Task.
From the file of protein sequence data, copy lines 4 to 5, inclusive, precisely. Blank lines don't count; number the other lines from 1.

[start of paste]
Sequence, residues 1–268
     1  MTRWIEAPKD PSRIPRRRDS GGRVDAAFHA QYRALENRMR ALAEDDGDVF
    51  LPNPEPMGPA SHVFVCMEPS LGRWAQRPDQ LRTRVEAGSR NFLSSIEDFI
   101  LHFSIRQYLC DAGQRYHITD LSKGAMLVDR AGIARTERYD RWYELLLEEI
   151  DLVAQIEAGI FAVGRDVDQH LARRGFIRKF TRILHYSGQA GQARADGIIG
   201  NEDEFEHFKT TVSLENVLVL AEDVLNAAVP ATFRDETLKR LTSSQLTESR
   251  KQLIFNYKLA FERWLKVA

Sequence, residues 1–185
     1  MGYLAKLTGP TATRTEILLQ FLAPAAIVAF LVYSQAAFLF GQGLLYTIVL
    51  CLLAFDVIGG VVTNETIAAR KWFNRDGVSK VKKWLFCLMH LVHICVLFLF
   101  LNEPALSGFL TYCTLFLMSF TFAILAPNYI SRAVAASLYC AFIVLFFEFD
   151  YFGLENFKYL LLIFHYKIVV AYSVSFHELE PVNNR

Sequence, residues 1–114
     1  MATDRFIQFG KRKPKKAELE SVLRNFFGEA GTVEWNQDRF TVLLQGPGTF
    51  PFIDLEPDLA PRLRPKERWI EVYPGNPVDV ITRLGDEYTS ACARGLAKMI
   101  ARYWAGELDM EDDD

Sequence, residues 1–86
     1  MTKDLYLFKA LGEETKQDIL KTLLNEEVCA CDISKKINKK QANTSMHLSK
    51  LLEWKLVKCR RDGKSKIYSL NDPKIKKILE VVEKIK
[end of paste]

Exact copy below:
   101  LHFSIRQYLC DAGQRYHITD LSKGAMLVDR AGIARTERYD RWYELLLEEI
   151  DLVAQIEAGI FAVGRDVDQH LARRGFIRKF TRILHYSGQA GQARADGIIG